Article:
Dental implants can successfully restore all forms of partial edentulism and complete edentulism. If there are no general or local contraindications, implant supported dentures are the method of choice in rehabilitating all types of toothless gaps.
Here are some situations when dental implants are strongly indicated :
Single unit toothless gap with healthy adjacent teeth
When a single tooth is missing, an implant supported crown will preserve the adjacent natural teeth by avoiding the need to prepare them. If the toothless gap is restored with a traditional dental bridge, both adjacent teeth will have to be prepared.
This operation involves permanently removing parts of the teeth's original structure, including portions that might still be healthy and structurally sound.
single unit toothless gap
an implant supported crown is the best treatment option
Partial edentulism with the back (posterior) tooth missing
In these cases, traditional dental bridges (supported by natural teeth) are difficult to design because the back support tooth is missing. Removable partial dentures generally require the preparation of more teeth.
Implant supported prostheses, although entailing a higher cost, are highly indicated in these clinical situations.
When all teeth are missing, the only traditional solution available is a full removable denture.
Implant supported prosthesis (either fixed or removable) allow to chew the food better, speak more clearly and they have a superior stability.
Other situations when dental implants can be indicated
- Patients who cannot tolerate a removable restoration (removable denture).
- Patients with high aesthetic and/or functional demands.
Some serious general conditions make anesthesia, surgical procedures and the overall placement inadvisable.
- Heart diseases affecting the valves, recent infarcts, severe cardiac insufficiency, cardiomyopathy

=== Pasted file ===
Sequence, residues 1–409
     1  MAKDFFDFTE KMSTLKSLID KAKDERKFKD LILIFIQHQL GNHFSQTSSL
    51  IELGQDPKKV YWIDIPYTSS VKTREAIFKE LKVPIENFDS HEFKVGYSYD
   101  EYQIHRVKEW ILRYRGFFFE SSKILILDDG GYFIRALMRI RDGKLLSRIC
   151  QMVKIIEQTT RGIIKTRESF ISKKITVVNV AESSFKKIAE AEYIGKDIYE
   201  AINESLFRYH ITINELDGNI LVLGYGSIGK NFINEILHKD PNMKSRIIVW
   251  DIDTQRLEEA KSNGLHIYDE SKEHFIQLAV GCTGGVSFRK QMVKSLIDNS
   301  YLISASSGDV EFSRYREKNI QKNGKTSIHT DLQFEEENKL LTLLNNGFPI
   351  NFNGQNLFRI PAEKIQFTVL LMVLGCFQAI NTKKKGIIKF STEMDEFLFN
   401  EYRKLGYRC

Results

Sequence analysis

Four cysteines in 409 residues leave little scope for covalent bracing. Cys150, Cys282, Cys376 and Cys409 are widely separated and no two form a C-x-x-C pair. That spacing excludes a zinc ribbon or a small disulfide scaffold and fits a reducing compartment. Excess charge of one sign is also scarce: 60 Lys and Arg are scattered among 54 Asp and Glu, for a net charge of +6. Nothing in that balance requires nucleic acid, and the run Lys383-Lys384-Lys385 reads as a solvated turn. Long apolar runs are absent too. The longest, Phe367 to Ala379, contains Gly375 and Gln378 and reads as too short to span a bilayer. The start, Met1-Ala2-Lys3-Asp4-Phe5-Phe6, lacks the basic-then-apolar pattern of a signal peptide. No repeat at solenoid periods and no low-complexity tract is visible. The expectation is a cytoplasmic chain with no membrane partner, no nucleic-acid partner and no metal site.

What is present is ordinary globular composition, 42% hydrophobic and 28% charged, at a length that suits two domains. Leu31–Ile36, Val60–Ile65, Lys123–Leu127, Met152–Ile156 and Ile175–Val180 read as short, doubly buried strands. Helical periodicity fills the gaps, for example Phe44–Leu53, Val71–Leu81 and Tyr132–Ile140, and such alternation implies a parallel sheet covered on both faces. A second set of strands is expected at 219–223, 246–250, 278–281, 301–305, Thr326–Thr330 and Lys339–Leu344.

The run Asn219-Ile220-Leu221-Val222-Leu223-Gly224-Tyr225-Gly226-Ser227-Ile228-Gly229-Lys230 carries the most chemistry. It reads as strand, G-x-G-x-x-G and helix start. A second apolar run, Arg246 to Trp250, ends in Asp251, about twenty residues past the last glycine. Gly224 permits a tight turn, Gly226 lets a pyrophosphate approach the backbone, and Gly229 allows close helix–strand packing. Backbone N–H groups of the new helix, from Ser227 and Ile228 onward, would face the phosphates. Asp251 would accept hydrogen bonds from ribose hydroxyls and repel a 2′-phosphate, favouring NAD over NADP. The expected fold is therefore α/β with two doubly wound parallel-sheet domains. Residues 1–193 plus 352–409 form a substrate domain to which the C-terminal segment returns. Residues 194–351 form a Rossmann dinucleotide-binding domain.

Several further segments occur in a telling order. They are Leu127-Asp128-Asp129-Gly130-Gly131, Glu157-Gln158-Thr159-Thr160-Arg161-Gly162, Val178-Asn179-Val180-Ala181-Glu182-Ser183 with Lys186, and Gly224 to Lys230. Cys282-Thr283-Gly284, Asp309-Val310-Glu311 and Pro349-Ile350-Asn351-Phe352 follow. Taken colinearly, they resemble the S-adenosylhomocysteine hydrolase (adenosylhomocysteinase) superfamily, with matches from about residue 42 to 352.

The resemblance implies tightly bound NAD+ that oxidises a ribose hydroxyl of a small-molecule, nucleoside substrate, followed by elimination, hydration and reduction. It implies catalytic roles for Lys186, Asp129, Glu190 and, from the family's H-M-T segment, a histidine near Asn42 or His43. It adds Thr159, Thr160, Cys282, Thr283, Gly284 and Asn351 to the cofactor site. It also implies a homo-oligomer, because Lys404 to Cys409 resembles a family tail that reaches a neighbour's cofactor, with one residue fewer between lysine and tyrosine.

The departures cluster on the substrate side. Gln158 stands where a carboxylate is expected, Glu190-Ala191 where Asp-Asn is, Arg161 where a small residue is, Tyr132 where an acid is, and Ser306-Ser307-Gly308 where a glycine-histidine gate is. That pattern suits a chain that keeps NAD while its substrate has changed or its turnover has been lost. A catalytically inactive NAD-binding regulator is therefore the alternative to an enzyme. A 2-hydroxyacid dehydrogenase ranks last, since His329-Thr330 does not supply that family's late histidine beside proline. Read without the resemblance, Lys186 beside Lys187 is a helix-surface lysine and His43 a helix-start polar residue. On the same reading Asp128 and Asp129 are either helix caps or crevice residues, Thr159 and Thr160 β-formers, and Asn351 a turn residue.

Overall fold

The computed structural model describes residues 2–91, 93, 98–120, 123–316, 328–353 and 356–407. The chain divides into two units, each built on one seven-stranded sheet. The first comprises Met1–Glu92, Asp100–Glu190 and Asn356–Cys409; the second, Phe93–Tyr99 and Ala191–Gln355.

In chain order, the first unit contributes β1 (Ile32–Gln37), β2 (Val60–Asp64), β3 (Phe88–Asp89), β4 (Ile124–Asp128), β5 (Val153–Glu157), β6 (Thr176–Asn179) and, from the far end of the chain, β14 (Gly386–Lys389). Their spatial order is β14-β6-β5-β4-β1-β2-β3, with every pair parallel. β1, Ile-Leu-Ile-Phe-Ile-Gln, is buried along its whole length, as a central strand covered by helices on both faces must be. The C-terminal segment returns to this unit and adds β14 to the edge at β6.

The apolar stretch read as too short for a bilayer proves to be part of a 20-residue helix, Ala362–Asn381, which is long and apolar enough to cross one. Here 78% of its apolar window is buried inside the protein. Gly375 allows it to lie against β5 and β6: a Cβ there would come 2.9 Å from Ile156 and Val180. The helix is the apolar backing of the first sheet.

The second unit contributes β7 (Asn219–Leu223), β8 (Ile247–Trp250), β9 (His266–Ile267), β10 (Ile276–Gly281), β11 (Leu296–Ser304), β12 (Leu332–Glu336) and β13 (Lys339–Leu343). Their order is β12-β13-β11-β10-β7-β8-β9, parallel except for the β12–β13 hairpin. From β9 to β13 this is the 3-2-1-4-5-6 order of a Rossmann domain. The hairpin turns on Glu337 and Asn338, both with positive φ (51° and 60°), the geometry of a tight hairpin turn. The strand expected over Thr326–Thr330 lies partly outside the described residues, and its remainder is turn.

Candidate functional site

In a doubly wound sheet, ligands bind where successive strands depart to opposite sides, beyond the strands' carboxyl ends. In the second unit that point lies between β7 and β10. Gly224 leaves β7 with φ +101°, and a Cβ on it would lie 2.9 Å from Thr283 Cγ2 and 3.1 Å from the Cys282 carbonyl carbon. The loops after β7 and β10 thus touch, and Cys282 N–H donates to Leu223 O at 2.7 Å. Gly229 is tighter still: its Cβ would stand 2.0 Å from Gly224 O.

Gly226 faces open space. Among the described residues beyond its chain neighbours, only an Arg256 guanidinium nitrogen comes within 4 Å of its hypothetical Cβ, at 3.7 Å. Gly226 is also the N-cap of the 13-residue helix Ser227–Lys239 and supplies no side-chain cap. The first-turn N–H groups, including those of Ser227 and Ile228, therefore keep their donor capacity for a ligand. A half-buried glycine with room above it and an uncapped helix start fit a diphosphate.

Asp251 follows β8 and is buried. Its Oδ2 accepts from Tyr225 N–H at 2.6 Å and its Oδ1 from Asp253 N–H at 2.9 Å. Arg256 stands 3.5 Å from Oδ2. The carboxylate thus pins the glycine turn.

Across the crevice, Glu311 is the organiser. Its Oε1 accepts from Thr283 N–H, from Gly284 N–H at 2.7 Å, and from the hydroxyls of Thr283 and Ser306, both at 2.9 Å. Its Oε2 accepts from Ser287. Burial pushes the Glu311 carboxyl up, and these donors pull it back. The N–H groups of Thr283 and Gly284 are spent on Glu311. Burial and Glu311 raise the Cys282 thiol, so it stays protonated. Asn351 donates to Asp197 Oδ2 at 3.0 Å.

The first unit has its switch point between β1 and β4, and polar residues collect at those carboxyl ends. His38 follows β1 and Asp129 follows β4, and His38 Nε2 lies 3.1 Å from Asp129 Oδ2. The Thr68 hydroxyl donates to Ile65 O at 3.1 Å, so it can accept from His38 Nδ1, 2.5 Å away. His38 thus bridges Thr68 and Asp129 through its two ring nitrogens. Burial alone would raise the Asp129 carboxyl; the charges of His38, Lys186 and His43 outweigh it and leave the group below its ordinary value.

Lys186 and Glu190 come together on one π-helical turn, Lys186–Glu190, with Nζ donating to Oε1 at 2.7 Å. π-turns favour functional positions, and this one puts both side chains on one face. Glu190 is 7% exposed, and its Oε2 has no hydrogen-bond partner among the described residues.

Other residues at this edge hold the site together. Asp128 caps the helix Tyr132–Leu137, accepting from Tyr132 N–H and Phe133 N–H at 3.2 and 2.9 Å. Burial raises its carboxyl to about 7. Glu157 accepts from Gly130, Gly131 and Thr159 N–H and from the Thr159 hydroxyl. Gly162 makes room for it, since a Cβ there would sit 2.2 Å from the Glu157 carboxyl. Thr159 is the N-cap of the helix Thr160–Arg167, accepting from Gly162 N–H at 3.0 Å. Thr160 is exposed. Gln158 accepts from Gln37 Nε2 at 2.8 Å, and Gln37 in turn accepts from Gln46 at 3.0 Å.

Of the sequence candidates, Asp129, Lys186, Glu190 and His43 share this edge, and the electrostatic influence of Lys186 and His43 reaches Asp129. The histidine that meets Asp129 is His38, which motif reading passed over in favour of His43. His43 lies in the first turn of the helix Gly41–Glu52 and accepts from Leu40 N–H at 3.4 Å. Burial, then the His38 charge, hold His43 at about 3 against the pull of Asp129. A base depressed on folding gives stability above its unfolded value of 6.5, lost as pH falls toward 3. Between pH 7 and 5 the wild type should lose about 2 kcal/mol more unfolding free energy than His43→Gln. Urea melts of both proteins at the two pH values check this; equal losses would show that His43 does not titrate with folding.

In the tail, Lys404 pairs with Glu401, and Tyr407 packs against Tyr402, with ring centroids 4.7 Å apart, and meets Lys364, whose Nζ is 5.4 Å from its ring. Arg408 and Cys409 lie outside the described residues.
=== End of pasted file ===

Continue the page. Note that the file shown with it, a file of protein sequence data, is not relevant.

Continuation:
- Active cancer, certain bone diseases (osteomalacia, Paget's disease, brittle bones syndrome, etc.)
- Certain immunological diseases, immunosuppressant treatments, clinical AIDS, awaiting an organ transplant
- Certain mental diseases
- Strongly irradiated jaw bones (radiotherapy treatment)
- Treatments of osteoporosis or some cancers by bisphosphonates
Other situations will be evaluated on a case-by-case basis. Most often, dental implants can only be placed (with the greatest caution) after some preliminary treatments.
- Diabetes (particularly insulin-dependent)
- Angina pectoris (angina)
- Significant consumption of tobacco
- Certain mental diseases
- Certain auto-immunes diseases
- Drug and alcohol dependency
- Children: not before the jaw bones have stopped growing (in general 17-18 years).
- On the other hand, advanced age does not pose problems if the patient's general condition is good.
Some conditions or physiological changes, usually inside the mouth cavity, may temporarily prevent the placement of dental implants. Most of the times, these conditions can be remedied before the implants are inserted in the jawbone.
There is insufficient bone to support the implants or bone structure is inadequate (due to some chronic infections or other conditions). To ensure a good prognosis, a dental implant must be surrounded by healthy bone tissue.
a dental implant must be surrounded
by healthy bone tissue (with red)
Important anatomical structures such as the maxillary sinus, the inferior alveolar nerve (located inside the mandible), have an abnormal position that can interfere with the dental implants.
lowering of the maxillary sinus
Adjunctive surgical procedures have to be performed before the placement of dental implants. These procedures aim to increase the amount of bone, so more bone is available to support the implants.
Some local diseases of the oral mucosa or alveolar bone can temporarily prevent the placement of dental implants until the conditions are treated.
Hypersensitivity or other allergic reactions ; rarely occurs.
Poor oral hygiene.
Bruxism or involuntary grinding of the teeth.
Last review and update: February 2019